Things eventually got so bad that sundials became a target for the city’s playwrights and critics, who poured scorn on the new devices. Writing a few years after the Forum sundial had first been installed, one exasperated playwright made a character exclaim:
The gods damn that man who first discovered the hours, and—yes—who first set up a sundial here, who’s smashed the day into bits for poor me! You know, when I was a boy, my stomach was the only sundial, by far the best and truest compared to all of these. It used to warn me to eat, wherever—except when there was nothing. But now what there is, isn’t eaten unless the sun says so. In fact town’s so stuffed with sundials that most people crawl along, shriveled up with hunger.
A later writer described sundials like the one mounted at the Forum as “hateful” and called for the columns on which they were fixed to be torn down with crowbars.
But it was too late. Public sundials began to appear across the Republic. Valerius’ own triumphal sundial survived the public outrage for exactly ninety-nine years, only to be replaced in 164 bc by one that was even more accurate. Five years after that, the hated sundials of Rome were joined by a new public timekeeper at the Forum, a water clock, which kept the time through the night as well as the day. Now the clock ruled the sleeping hours of Romans as well as their waking ones.
We should think of the sundial in the Roman Forum as the city’s first clock tower. Mounted up high, looking over the people, and standing for Rome’s ruling classes themselves, it changed everything. From the moment Valerius revealed his sundial at the Forum, Romans were forced to live their lives by the clock. And this new temporal order was sweeping civilizations across the world.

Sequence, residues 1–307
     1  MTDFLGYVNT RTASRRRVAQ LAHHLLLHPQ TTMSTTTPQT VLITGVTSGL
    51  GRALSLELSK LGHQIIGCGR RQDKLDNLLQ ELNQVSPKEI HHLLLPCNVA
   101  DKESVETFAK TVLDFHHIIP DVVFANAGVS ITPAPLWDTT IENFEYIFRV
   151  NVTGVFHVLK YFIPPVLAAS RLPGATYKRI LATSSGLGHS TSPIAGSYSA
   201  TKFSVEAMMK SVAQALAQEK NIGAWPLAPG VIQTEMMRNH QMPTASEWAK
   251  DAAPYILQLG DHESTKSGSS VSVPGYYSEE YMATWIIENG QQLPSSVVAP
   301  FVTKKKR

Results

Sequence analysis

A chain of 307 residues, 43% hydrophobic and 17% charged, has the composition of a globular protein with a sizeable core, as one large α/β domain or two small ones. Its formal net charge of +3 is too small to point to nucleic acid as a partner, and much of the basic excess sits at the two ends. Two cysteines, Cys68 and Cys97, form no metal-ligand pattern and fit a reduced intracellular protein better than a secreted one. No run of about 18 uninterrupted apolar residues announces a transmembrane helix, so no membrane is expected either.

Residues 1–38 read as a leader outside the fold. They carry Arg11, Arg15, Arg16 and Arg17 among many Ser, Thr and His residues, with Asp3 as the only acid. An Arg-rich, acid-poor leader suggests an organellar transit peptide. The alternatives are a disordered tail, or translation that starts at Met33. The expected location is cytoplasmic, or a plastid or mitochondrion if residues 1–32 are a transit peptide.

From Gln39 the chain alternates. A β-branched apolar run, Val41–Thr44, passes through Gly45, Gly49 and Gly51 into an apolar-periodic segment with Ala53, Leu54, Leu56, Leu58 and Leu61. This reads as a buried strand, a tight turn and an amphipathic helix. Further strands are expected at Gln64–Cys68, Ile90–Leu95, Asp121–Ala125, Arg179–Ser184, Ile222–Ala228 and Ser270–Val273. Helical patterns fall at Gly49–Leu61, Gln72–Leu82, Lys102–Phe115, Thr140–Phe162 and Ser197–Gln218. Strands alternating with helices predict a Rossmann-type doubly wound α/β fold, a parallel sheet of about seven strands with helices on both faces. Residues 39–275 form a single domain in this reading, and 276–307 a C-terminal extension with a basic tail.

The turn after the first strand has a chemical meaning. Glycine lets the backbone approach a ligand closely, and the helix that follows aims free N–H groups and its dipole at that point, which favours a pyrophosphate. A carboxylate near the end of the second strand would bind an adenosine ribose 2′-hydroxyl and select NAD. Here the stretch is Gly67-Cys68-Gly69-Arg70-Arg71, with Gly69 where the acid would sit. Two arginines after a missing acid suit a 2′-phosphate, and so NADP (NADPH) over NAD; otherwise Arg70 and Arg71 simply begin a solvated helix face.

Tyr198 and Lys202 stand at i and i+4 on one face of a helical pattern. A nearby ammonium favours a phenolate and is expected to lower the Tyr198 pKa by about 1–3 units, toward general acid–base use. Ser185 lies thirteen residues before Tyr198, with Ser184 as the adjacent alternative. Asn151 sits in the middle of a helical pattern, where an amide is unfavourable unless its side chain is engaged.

The Tower of the Winds, in the Greek city of Athens some 650 miles from Rome, is one of the best-preserved buildings from the ancient world. This octagonal marble tower, sited close to a busy marketplace at the foot of the hill of the famous Acropolis, rises forty-two feet into the air and measures twenty-six feet across, and it was an astonishing sight for the people of this crowded and vibrant city. The external walls were covered in brightly colored reliefs and moldings representing the eight winds, with each of the eight walls, and a semi-circular annex, carrying a sundial. Inside the ceiling was painted a stunning blue color covered with golden stars. At the center of the imposing interior was a water clock, which was fed from a sacred source high up on the hill of the Acropolis called the Clepsydra, a name which became synonymous with all water clocks. The clock is believed once to have driven a complex mechanical model of the heavens themselves, like a planetarium, orrery, or armillary sphere.